Restaurant ratings on the back burner

In 2005, San Francisco health officials launched a new program to dole out health and safety scores to The City’s restaurants. Three years later, the program offers diners little more than vague insight into the potential health risks they face when going out to eat.

City inspectors randomly visit each of San Francisco’s 6,700 eateries — from food carts to sit-down restaurants — at least twice a year to inspect safety conditions, said Richard Lee of the Department of Public Health. They start with 100 points and lose 12 points for major infractions such as improper food storage, four points for moderate infractions such as reusing bread and two points for minor infractions such as a worker with dirty fingernails.

San Francisco legislators originally sought to have a letter grade emblazoned on storefronts — a practice currently employed in Los Angeles — but the numerical ranking was reached as a compromise in 2005 after strong backlash from the restaurant community.

Nearly 70 San Francisco restaurants bear failing marks from city inspectors, but many of their customers might not know it. Restaurants are not required to post their numerical ranking in their establishment, only the inspection report — in a place that’s “clearly visible.”

Six of The City’s 10 lowest-scoring restaurants were located in the Sunset — including three on Noriega Street. A spot check in that district found only one — Loi’s Vietnamese Restaurant on Irving Street — that opted to put its numerical rank on public display. The scorecard hung on the wall next to its inspection assessment.

Loi’s lost points for having employees without clean hands and for storing food at incorrect temperatures, according to health department data.

Mai Takei was eating at Loi’s when she happened to notice the dark green card above her head bearing the inspection score.

“It is not something I look for usually, but once you see the score, it definitely has an effect,” Takei said. “If I saw a card with a low score in a restaurant’s window, I probably wouldn’t go in.”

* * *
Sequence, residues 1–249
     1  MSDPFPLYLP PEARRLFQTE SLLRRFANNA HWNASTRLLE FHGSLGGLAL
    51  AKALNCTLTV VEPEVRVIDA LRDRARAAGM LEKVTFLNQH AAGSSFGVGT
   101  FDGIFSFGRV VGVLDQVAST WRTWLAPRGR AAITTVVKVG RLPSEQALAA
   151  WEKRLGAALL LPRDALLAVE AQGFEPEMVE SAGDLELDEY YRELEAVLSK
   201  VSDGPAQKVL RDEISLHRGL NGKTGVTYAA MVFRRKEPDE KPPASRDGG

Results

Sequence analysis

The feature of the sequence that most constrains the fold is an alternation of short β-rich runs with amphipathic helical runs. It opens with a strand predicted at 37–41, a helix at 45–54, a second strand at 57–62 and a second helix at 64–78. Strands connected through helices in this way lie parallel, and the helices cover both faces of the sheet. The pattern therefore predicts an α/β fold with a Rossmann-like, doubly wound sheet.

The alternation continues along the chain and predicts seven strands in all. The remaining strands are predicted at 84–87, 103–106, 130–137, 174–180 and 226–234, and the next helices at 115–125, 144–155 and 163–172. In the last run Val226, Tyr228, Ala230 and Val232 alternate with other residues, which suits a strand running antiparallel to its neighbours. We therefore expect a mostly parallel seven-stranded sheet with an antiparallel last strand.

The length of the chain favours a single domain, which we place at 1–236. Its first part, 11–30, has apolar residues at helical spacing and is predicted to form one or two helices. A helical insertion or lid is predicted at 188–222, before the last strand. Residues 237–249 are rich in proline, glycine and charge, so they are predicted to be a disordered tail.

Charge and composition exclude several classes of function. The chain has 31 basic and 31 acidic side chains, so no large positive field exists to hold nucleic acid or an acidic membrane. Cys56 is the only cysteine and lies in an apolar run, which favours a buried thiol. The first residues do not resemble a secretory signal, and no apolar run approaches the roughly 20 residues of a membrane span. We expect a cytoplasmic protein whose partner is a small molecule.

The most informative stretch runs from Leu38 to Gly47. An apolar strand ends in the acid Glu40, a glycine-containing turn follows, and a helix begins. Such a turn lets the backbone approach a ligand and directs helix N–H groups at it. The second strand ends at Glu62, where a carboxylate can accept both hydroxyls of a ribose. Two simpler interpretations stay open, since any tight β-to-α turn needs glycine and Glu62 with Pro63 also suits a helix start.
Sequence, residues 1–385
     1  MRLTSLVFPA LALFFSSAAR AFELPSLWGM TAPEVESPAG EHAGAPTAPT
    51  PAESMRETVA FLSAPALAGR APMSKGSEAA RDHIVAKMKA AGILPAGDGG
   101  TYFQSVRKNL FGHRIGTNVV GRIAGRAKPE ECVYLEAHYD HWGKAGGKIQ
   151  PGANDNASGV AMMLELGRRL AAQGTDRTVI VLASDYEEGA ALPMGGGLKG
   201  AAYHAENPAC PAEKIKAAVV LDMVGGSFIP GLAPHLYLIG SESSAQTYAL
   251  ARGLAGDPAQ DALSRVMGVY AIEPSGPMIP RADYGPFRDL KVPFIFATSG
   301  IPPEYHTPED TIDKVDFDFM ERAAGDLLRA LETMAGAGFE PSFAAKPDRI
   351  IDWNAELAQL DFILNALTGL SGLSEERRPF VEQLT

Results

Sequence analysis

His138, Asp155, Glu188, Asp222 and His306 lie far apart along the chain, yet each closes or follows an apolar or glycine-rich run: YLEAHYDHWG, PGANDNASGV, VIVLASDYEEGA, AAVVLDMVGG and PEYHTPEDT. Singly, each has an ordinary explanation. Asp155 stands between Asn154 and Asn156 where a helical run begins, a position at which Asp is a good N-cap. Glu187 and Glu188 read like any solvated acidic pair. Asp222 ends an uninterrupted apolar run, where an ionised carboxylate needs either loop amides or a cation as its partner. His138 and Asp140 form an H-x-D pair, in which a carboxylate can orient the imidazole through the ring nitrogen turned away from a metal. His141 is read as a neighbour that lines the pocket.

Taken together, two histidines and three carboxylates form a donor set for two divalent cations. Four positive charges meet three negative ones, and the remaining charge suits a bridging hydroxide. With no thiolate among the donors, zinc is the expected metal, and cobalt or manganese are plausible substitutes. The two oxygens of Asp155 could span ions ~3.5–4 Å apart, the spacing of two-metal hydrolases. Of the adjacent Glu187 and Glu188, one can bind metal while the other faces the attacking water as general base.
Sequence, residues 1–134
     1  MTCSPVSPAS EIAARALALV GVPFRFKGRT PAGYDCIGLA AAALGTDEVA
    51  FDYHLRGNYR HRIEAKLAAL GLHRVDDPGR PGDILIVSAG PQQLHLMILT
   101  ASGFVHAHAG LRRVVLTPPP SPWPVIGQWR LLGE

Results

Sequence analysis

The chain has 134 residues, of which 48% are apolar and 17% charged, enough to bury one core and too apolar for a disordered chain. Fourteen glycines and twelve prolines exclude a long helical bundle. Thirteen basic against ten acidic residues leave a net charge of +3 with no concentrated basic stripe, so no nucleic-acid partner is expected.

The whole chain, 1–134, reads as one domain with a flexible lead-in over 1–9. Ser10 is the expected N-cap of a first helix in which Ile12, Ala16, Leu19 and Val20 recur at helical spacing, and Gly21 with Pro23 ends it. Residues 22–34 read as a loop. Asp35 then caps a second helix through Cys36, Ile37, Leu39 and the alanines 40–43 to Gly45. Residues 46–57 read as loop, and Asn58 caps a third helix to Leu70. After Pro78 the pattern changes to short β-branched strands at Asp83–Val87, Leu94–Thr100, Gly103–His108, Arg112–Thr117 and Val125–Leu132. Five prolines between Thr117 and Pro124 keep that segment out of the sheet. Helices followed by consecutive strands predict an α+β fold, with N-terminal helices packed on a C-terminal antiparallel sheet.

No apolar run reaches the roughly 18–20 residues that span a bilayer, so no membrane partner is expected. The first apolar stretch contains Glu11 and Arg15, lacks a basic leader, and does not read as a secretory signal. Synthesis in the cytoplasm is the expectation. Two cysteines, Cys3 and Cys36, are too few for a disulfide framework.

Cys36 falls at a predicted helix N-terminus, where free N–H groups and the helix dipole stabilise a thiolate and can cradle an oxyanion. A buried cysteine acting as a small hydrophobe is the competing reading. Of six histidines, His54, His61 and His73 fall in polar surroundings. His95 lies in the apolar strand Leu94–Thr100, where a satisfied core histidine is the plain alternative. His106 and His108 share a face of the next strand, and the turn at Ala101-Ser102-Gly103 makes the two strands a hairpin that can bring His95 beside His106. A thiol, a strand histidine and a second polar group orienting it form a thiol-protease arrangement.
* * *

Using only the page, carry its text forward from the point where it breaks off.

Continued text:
A walk into several restaurants on Mission Street offered different interpretations of “clearly visible.” King’s Bakery and Cafe had the inspection letter taped to a switchboard box behind its front-door entrance. Chava’s Restaurant had a letter displayed on its front window — but without any notes written on it. And La Taqueria had its letter posted 10 feet up its wall, making it difficult to read for anyone without a telescope.

The restaurant receiving the lowest ranking — S & T Hong Kong Seafood, located on Noriega Avenue — did not have its score posted. The restaurant lost points because inspectors found evidence of rodent and insect infestation and its food was in “improper condition,” according to the health department report.

Lee said that most businesses with low scores were unlikely to post that information to the public, but it is available on The City’s Web site.

Industry critical of inspection practices

Three years after The City began compiling restaurant-inspection rankings, industry officials say they are baffled by a scoring practice that can vary with each inspection.

Of The City’s 10 lowest-ranking restaurants, six had a score in the 90s as recently as 2007, according to Clean Scores, an independent Web site that logs the Department of Public Health’s inspection rankings.

“A lot of things can happen to explain a big drop-off,” said Richard Lee, who oversees the inspection process for the Department of Public Health. “There could be a new management team, new employees or a new inspector.”

One manager, whose restaurant’s ranking dipped into the 40s after four consecutive scores in the 90s, said a new health inspector came in with a completely new set of guidelines.

“It really makes you wonder what they were looking at the five years previous,” said the manager, who asked to remain anonymous.

Kevin Westlye, executive director of the Golden Gate Restaurant Association, said the ranking system should be revised so owners can petition for a quick re-inspection if their restaurant earns a low safety score.

“Having a low score posted online for three to four months is a pretty steep price,” Westlye said. “You could be talking about potentially losing dozens of customers a day.” — Will Reisman

In the public’s eye

After each inspection, a restaurant is given two documents.

» One is a green placard with a numerical score in bold letters, but restaurants are not required to display that figure.

» The other document is the inspector's checklist — a pale yellow piece of paper scrawled with handwritten notes detailing each infraction. Every restaurant is required to hang the inspection letter, but the only guideline is that it’s “clearly visible to the patrons of the establishment,” according to The City ordinance.

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